The most severe of these, known as The Attic Bug occurred when a player entered the screen called The Attic. After this, several other rooms would become corrupted, which caused problems such as all of the monsters vanishing from The Chapel and entering We must perform a Quirkafleeg from the 'wrong' direction causing instant death. Originally Software Projects claimed that this was intentionally done in order to make the game harder; however, they later retracted that claim and issued instructions on how to modify the game to correct the bug. This was one of the first times that a video game company had issued such a 'patch'.

The problem was actually a buffer overflow caused by one of the creatures in The Attic. The creature, which was an arrow, had an error in it's movement path which caused the sprite to move beyond the memory reserved for video and into memory reserved for important game data. This data was overwritten and therefore corrupted, causing the bug itself.

Other problems occurred with item placement. The invisible item in the First Landing was in an impossible to reach place. Software Projects released a fix for this when they released the fix for The Attic Bug, which moved the item into The Hall. A similar problem occurred in The Conservatory Roof where an item was placed too close to a creature making it impossible to collect before dying. Software Projects fixed this also, by removing the killer object.

The final bug occurred in The Banyan Tree. The player was supposed to be able to leave the room in an upwards direction, but a solid item had been put in the way making it impassable. Software Projects fixed this by changing the item so that it could be moved through.

Competition

A competition was released alongside the game and announced in the instructions:

Why not join the Jet Set and share in Willy's good fortune.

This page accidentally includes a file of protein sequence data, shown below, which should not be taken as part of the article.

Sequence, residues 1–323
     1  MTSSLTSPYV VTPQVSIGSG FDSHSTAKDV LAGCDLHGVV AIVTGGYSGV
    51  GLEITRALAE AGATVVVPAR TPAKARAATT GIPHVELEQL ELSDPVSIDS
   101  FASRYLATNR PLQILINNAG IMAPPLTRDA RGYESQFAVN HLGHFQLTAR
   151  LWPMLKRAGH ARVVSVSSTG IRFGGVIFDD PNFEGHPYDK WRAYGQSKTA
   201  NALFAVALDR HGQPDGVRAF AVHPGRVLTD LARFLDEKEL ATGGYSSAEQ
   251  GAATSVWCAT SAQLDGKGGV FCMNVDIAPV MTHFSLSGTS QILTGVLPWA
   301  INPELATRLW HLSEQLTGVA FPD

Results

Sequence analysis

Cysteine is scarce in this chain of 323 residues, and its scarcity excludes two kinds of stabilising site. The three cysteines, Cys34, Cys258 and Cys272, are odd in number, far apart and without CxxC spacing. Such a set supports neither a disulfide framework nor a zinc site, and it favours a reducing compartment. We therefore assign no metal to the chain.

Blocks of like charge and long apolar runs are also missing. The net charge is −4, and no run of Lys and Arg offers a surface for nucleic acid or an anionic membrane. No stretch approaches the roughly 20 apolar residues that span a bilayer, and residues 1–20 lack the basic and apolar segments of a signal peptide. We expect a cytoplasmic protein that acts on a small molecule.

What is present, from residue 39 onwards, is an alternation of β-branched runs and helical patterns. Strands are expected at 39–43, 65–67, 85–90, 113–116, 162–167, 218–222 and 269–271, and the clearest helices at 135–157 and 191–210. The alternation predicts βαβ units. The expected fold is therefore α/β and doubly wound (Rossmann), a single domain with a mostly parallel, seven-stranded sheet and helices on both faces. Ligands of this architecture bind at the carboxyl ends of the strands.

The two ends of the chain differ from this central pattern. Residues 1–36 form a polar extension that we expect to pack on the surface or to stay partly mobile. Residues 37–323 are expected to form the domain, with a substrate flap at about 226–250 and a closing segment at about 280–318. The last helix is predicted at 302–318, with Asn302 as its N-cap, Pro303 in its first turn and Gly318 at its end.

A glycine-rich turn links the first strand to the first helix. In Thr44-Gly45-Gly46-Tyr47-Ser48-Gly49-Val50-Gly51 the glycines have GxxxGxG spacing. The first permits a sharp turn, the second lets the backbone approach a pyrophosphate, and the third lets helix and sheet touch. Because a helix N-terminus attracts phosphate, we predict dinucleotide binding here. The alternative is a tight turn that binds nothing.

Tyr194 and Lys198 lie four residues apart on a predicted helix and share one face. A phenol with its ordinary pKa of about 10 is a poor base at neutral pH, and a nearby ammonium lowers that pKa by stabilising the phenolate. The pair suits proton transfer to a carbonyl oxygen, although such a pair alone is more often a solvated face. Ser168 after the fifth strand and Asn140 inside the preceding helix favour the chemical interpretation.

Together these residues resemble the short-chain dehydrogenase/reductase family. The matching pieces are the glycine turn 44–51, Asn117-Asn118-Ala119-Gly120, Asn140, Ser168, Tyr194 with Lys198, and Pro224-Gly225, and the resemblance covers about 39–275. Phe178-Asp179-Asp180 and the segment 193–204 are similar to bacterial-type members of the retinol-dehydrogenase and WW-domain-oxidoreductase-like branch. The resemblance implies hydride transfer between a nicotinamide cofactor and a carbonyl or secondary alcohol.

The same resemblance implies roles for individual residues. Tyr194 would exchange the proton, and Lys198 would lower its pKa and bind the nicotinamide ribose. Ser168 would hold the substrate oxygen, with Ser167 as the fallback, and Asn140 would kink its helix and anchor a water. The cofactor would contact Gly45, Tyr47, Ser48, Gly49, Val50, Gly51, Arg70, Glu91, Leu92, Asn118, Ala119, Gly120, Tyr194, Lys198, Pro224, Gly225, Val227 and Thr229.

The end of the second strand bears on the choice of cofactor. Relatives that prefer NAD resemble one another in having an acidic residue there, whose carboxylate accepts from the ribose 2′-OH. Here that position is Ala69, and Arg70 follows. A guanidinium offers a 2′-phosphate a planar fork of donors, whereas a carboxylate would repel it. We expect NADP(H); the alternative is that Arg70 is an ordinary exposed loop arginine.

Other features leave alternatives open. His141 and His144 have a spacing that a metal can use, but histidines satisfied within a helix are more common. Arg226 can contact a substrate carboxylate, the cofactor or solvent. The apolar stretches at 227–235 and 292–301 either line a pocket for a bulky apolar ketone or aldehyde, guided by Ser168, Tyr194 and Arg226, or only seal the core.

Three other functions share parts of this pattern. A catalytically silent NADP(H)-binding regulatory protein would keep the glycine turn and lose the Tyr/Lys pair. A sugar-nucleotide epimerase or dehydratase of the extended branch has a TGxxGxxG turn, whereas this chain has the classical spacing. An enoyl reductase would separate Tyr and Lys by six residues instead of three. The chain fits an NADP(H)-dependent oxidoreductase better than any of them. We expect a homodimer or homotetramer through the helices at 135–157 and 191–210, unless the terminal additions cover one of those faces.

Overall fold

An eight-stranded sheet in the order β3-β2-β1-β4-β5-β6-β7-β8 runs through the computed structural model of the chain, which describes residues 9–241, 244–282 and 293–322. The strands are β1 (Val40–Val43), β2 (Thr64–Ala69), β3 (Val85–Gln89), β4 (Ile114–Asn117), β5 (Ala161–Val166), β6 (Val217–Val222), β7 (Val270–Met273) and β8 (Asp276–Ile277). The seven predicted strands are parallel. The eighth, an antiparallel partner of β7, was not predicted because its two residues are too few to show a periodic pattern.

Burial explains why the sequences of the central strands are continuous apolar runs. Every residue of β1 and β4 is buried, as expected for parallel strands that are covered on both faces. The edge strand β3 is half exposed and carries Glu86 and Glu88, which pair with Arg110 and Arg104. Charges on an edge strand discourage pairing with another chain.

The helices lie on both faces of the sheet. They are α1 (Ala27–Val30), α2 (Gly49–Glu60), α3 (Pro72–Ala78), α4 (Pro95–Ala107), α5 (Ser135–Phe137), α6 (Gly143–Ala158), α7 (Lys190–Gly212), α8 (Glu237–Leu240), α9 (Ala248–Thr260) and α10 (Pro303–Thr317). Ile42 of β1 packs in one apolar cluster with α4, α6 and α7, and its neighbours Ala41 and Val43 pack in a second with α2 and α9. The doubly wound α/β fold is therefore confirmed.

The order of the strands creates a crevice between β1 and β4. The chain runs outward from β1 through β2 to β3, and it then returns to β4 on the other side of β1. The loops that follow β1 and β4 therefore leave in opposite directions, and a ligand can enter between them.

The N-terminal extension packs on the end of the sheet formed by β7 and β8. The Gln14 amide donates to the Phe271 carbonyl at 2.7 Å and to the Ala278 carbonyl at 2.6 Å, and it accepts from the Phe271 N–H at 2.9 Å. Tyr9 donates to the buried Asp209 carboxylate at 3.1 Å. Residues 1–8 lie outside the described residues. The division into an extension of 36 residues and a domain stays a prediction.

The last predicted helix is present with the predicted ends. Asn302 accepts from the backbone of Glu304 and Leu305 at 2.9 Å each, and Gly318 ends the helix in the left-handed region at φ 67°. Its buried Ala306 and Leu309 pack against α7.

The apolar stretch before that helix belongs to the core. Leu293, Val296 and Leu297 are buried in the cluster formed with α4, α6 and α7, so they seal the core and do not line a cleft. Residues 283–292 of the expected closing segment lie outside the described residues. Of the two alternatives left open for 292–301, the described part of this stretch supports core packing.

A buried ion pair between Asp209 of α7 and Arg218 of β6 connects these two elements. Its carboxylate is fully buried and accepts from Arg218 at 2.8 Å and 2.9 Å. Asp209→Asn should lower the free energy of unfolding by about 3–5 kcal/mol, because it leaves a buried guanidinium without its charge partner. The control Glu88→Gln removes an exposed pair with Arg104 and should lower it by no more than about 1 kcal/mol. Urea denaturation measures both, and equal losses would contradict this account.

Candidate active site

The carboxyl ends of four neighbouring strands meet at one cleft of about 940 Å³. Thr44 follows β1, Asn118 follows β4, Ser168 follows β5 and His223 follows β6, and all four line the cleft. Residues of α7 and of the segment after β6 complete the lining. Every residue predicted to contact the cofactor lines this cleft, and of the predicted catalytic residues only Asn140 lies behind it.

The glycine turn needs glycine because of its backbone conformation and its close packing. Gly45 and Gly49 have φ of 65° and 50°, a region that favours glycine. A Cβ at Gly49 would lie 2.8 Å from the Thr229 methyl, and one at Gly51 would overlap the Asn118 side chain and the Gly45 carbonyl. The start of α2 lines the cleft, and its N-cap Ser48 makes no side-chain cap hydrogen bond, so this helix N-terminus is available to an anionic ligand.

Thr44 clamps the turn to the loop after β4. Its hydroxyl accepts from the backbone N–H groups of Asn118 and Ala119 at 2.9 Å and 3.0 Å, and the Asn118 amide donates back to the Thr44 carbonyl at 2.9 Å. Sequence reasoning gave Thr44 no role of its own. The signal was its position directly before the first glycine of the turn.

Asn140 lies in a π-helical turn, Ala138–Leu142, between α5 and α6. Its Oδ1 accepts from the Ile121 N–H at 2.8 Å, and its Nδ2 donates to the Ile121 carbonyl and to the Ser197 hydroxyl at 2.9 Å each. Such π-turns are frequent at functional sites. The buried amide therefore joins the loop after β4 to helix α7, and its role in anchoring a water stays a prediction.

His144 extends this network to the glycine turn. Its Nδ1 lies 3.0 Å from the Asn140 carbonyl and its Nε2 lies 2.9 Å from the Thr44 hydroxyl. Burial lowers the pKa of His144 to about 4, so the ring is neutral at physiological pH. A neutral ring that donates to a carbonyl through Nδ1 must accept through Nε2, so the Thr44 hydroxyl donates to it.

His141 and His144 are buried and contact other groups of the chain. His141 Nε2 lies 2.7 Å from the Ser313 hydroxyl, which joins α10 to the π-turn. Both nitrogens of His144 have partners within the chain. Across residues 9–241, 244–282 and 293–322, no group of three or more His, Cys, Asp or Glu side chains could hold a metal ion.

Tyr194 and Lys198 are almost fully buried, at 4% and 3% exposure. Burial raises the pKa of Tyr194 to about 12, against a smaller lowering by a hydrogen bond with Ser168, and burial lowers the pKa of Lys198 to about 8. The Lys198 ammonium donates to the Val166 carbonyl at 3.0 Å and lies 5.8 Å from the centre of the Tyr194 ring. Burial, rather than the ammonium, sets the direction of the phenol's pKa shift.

Software Projects are offering a prize to the first person to write or telephone our offices in Liverpool with the answer to the question: "How many glasses must Willy collect before Maria lets him go to bed".

In exchange for this information we will present the winner with six champagne glasses and a case of Dom Pérignon champagne. In addition to this a Jet Ranger helicopter will pick you up for a flight above your town when you will get the chance to meet Matthew Smith the author of Jet Set Willy and the other No. 1 selling Spectrum game from Software Projects - Manic Miner.

Software Projects, instructions for Jet Set Willy[2]

With the bugs that were included in the game, it was impossible to complete the game and find the answer. Ross Holman and Cameron Else, frustrated at being unable to complete the game, hacked the code and realised that it was impossible. They produced the fixes, completed the game and phoned Software Projects with the answer to win the competition. The fixes they produced became the official Jet Set Willy fixes, and were released by Software Projects.

Copy Protection, cheats and hacking

© Image: Software Projects
The colour card included with the game